October 31st, 2008

So Macau apparently has some culture worth exploring and not just a big casino heap. The guidebook we had mentioned all these temples, markets, squares, churches (due to its Portuguese heritage) and were all worth a look at. But we were pretty ‘sightseeing’-outted by now and were mostly here for the gambling and being chill. Still, we took a cab to the Senado Square – the main square in Macau – to check it out and also to ship some goodies collected since Bali. The main Post Office also happened to be at the Square. So having done that, we quickly grabbed some McDee’s and then wandered about. Lots of tourists were around and the square itself was lively, but not splendid or memorable in any way. We walked out of the Square and on to some local market streets. We even checked out a crowded store selling all sorts of toiletries on sale, but then it got too claustrophobic to remain there.

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We were now thinking of heading back, but taking a cab proved to be more difficult than imagined. So we just kept walking back and eventually figured we weren’t too far from the hotel. We passed by the supermarket and bought some more ready-to-eat cups. Back at the hotel, we just chilled for a while and freshened up before heading out again to check out the Venetian. This casino was supposedly the largest in the world and was located on Taipa, an island off mainland Macau. Taipa is increasingly becoming more developed and aims to rival the strip in Las Vegas. While still early in its aspirations, the Venetian is sure to be the main attraction here for a long time. We took a cab there and as we pulled into the casino, we could see just how massive this place was.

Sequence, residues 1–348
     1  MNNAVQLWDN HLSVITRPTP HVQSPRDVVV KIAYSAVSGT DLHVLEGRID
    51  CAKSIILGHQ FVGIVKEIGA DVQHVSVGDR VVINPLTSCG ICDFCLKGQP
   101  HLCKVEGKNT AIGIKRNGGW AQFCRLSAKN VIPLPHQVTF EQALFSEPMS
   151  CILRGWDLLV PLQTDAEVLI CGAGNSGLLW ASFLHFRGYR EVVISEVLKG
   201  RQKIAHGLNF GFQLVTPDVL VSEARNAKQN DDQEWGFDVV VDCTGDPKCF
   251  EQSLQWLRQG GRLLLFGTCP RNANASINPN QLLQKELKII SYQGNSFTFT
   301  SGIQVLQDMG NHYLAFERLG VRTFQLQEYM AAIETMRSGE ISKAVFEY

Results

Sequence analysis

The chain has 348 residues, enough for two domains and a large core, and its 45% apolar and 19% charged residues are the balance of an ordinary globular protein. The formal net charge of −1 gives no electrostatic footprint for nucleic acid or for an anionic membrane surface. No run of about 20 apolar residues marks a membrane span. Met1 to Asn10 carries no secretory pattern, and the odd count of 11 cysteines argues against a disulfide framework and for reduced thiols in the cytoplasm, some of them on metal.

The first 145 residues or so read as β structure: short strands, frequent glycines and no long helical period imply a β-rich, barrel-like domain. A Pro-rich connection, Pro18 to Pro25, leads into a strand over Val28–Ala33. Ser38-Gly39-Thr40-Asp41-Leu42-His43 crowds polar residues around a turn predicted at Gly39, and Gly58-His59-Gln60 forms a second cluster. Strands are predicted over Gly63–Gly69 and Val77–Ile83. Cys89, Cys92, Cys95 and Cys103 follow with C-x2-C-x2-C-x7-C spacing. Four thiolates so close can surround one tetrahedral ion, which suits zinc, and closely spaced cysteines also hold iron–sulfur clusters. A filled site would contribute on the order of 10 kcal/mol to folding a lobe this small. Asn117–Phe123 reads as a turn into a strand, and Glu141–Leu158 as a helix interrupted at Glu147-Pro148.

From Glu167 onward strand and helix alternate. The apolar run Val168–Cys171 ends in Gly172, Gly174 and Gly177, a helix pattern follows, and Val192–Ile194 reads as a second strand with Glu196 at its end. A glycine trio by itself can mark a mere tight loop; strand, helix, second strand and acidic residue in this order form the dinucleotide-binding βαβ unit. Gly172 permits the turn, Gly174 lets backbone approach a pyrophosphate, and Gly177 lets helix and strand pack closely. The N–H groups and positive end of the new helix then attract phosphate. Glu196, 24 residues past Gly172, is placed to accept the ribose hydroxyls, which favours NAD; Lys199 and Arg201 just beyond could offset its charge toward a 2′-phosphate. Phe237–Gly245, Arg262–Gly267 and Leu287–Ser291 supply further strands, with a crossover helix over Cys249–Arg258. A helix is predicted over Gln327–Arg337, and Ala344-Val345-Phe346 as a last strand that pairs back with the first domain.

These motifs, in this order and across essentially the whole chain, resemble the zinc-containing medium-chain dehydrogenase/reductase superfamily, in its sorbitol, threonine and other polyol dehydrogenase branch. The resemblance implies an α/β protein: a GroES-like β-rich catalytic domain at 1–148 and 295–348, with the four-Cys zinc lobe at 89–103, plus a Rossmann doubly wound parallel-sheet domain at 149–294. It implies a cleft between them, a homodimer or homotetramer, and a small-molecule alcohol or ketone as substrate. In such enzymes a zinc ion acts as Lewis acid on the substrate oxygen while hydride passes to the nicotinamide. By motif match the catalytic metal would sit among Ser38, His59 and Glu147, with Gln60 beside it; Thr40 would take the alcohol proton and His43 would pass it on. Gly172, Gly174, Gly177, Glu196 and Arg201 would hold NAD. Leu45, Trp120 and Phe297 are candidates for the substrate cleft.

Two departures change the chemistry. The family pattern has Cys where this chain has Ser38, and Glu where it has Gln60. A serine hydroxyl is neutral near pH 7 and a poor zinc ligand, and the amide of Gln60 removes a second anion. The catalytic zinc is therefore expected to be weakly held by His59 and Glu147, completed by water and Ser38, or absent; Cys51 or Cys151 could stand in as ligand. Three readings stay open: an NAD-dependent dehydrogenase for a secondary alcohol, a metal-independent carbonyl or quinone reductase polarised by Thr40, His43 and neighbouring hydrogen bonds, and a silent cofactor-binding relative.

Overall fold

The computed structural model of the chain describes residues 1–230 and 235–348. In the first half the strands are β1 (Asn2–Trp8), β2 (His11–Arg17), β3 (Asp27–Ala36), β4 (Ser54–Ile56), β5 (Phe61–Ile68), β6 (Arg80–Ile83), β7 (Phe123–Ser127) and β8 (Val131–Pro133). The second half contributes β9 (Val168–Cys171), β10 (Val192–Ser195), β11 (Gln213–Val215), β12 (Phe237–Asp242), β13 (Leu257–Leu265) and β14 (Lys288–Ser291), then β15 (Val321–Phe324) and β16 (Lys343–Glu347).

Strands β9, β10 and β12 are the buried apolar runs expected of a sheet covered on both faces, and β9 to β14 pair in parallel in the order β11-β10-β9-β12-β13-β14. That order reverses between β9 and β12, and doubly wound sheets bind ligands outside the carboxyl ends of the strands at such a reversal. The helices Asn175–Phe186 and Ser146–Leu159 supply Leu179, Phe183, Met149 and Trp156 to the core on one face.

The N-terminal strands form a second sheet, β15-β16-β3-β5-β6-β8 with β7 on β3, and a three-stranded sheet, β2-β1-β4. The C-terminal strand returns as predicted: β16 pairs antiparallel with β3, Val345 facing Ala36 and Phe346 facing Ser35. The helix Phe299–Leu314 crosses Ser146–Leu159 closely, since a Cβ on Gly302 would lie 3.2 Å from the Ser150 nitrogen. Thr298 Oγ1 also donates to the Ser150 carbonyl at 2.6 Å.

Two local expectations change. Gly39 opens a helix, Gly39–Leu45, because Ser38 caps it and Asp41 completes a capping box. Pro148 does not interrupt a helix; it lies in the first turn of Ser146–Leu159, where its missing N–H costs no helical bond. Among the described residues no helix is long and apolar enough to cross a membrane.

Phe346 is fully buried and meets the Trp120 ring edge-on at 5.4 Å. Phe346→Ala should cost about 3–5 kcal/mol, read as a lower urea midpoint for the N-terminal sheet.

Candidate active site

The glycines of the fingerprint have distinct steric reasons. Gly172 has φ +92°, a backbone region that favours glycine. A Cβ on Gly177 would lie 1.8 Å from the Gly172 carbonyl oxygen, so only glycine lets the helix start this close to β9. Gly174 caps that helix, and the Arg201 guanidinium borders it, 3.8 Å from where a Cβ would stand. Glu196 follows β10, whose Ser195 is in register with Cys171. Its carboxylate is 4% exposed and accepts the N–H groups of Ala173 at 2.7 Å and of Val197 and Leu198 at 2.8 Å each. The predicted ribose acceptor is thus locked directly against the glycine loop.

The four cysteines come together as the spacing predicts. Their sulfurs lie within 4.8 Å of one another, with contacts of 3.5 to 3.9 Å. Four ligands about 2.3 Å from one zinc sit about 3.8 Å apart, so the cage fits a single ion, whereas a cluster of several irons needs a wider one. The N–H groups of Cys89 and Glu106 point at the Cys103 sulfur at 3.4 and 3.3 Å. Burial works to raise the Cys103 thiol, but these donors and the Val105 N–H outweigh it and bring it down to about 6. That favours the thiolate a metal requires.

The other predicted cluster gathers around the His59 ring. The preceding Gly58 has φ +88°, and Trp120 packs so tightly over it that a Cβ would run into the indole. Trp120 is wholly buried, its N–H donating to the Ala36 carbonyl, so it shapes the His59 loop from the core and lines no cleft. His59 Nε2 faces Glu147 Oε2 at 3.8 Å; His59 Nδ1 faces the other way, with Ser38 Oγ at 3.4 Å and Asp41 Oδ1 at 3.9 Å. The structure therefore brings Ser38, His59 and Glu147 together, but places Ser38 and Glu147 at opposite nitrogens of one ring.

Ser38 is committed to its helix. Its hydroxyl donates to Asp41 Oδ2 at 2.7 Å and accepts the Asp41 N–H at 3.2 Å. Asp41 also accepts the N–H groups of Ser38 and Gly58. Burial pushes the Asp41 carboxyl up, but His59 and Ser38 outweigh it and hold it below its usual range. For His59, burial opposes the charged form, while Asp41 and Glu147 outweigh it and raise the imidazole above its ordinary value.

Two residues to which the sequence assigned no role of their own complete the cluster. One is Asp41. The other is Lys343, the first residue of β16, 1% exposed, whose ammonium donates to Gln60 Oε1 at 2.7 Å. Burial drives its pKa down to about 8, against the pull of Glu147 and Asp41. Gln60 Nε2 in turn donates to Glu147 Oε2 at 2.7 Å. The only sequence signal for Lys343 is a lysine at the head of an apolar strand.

The entrance was entirely like the Venetian in Vegas and appointed luxuriously with classical and Greco-roman decor – really classy and sophisticated. At the casino, we were just totally stunned by the sheer size of the casino floor. It was probably as big as around 4 football fields. We wandered around and played some Blackjack, which drained our reserves fairly quick. We then went up to the shopping mall level and came up an opening – a Square – where Venice was recreated right before us and right inside the casino. Faux sky and canals complete with Gondolas and piers with boatmen waiting for passengers! A massive number of shops everywhere and we quickly became tired just wandering about. The scale of the mall was also unbelievable and the presence of the canals was just the icing on the cake. It was quite the eye candy! We knew we couldn’t do much else, so we left and took the free shuttle the hotel offers back to Macau. We took the one for the Sands casino which was quite close to our hotel.

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Another ‘blah’ experience – big casino, lots of gamblers, yada yada. We were just glad to be back at our ‘modest’ casino in our hotel. Having ‘freed’ up our baggage going onwards, we didn’t have to do much packing. So we just hit the Blackjack table and enjoyed the times we were up and well, endured the times we were down eagerly waiting to be back up again. One of the dealers, Joe, was especially funny and candid in his manner, which we liked. It was a chill experience and we weren’t too concerned if we’d recover our losses or make the big-time. It was just an experience, and was Macau. It’s time to get ready and head off over to Ho Chi Minh City (Saigon) in Vietnam. We have our pre-approved VISA letter and hope all goes well!